NASCAR's Car of Tomorrow to Run Full-Time Schedule Beginning in 2008 DAYTONA BEACH, Fla. (May 22, 2007) -- The National Association for Stock Car Auto Racing (NASCAR) announced today that the Car of Tomorrow will be fully implemented for the...
NASCAR's Car of Tomorrow to Run Full-Time Schedule Beginning in 2008
DAYTONA BEACH, Fla. (May 22, 2007) -- The National Association for Stock Car Auto Racing (NASCAR) announced today that the Car of Tomorrow will be fully implemented for the 2008 NASCAR NEXTEL Cup Series season.
The move accelerates the integration of the new car into the series by one full year. In January 2006, NASCAR had announced a three-year roll-out schedule that would conclude with the new car running in every race by 2009.
As the new car began its initial phase-in program over the past several months, team owners expressed support of the new car and its full implementation by the 2008 season. Therefore, starting next year the new car will run the entire NASCAR NEXTEL Cup Series schedule.
"We are proud of how the new car has performed at multiple tracks," said Robin Pemberton, NASCAR's Vice President of Competition. "NASCAR, with the support of team owners, agreed that the new car is ready to compete at all NASCAR NEXTEL Cup Series events in 2008. Beginning next year the Car of Tomorrow is officially "the car", a Chevrolet, Dodge, Ford and Toyota," said Pemberton.
The original transition program had the new car running 16 races in 2007; 26 races in 2008; and the entire schedule in 2009. So far this season, the new car has run five times -- at Bristol, Martinsville, Phoenix, Richmond and Darlington -- with the races featuring close competition on the track and the safety and durability features of the car well-demonstrated.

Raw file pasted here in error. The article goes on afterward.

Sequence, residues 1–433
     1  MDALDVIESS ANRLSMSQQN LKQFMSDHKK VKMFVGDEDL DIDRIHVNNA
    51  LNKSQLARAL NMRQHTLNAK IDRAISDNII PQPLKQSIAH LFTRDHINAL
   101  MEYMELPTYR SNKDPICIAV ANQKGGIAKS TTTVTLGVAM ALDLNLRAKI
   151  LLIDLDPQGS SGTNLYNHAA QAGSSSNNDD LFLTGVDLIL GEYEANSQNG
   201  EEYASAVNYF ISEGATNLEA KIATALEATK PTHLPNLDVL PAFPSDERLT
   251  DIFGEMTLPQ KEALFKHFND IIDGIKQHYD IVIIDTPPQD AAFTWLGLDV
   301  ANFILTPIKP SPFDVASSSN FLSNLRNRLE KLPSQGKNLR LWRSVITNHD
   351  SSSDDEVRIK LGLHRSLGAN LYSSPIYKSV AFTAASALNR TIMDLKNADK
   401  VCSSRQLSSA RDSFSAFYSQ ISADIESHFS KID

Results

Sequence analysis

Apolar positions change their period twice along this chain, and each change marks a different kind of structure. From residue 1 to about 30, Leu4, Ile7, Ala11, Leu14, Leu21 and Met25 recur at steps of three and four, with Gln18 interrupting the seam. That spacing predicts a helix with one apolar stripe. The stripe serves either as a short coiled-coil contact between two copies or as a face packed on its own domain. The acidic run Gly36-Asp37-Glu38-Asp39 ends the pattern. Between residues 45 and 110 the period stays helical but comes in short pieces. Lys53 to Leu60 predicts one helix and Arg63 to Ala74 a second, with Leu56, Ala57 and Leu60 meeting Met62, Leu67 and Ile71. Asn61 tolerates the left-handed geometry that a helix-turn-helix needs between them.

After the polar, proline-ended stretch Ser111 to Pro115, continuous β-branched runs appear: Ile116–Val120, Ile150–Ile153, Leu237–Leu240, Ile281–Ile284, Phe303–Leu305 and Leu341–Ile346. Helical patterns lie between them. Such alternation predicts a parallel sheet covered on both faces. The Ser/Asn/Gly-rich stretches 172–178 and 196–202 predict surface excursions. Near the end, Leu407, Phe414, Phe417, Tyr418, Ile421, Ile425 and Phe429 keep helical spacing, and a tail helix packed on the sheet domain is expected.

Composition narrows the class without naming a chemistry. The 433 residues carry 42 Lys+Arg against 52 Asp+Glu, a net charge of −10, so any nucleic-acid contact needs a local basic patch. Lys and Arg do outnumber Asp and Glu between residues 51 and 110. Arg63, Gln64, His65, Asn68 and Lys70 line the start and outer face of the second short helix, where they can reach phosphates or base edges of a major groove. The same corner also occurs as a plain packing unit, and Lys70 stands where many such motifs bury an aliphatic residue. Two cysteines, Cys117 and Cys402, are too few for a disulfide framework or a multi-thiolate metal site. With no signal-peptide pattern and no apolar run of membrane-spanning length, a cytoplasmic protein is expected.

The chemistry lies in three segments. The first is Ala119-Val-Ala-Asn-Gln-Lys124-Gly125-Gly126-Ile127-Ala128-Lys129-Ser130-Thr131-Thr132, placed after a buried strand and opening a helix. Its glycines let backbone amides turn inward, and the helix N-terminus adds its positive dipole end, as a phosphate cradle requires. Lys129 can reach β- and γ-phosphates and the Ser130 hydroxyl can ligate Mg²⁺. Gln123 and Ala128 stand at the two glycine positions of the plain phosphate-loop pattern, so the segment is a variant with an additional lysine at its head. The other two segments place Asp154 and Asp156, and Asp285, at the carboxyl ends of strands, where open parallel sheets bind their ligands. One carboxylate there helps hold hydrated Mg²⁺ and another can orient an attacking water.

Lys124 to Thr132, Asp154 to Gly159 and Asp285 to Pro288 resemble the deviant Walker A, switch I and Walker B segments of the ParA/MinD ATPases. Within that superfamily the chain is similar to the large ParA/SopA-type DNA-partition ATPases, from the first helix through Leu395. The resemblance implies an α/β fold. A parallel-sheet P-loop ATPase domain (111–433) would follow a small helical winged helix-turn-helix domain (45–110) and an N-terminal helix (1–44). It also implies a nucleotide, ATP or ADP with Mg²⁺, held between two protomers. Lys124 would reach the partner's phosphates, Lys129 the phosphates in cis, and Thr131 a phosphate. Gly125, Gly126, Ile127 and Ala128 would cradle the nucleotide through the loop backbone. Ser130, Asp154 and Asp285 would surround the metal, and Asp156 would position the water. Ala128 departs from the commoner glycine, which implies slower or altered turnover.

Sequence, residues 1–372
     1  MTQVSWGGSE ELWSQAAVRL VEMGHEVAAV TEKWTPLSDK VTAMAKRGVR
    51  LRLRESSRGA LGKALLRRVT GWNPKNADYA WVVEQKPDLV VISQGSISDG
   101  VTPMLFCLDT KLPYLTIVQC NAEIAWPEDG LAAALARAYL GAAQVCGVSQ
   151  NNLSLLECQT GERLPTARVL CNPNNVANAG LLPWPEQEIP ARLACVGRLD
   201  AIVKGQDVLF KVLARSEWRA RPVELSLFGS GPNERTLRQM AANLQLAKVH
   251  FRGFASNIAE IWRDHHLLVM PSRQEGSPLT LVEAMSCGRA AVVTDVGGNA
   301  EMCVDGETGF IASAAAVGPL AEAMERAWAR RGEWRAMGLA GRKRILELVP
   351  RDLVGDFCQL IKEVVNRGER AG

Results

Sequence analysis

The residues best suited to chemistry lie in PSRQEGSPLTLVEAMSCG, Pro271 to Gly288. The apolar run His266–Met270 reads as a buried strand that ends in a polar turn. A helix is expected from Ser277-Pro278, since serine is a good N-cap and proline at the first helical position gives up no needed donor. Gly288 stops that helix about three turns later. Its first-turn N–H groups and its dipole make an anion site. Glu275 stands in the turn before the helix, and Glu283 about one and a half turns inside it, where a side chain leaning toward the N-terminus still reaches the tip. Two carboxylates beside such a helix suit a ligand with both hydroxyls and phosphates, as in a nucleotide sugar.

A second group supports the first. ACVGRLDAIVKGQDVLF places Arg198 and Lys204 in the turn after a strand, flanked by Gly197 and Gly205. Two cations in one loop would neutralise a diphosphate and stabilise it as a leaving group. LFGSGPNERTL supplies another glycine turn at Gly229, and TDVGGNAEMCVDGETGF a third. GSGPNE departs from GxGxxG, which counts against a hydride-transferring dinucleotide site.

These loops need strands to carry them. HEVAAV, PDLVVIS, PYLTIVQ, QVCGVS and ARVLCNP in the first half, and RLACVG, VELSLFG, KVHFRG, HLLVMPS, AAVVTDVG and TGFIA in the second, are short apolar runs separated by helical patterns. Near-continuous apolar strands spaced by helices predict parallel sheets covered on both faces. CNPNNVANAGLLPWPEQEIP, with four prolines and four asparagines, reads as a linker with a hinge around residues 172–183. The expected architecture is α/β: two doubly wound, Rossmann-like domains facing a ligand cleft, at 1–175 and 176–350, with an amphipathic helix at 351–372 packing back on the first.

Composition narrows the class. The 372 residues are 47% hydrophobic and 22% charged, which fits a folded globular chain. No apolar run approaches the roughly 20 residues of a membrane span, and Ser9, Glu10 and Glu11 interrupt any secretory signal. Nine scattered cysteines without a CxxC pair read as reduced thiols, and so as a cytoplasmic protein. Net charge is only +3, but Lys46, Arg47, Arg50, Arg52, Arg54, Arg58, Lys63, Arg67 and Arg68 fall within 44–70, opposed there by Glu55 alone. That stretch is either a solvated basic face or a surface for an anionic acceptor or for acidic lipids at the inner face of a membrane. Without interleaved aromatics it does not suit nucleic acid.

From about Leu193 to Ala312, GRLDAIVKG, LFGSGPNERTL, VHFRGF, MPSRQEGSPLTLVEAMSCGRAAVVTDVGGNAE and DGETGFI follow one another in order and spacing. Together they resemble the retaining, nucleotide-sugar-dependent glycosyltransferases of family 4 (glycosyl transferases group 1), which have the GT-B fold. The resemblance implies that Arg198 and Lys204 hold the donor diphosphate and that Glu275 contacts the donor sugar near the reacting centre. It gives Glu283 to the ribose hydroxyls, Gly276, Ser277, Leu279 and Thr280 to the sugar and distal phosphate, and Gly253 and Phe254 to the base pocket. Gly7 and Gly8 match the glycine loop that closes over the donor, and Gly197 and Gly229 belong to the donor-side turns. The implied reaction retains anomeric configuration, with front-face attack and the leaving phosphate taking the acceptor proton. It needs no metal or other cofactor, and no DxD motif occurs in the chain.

The average margin of victory through the first five Car of Tomorrow races has been a mere .505 seconds (compared to 1.286 seconds at these same races a year ago) and there have been six fewer DNFs through this same race sequence from 2006. Additionally, 13 teams have used the same chassis for three of the five races; four teams have run the same chassis in four of the five races; and one team -- the No. 29 Chevrolet -- has run the same chassis in all five Car of Tomorrow races.
NASCAR's Car of Tomorrow is the culmination of a seven-year project undertaken at NASCAR's Research and Development Center in Concord, N.C. The new car was built primarily with safety in mind, but during the development process, NASCAR also discovered ways in which the car could improve competition and enable teams to be more cost-efficient.
The Car of Tomorrow design has also enabled manufacturers to have an increased product and branding opportunity. The manufacturers' 2007 Car of Tomorrow models -- the Chevrolet Impala SS, Dodge Avenger, Ford Fusion and Toyota Camry -- more closely resemble production cars than the former race car did.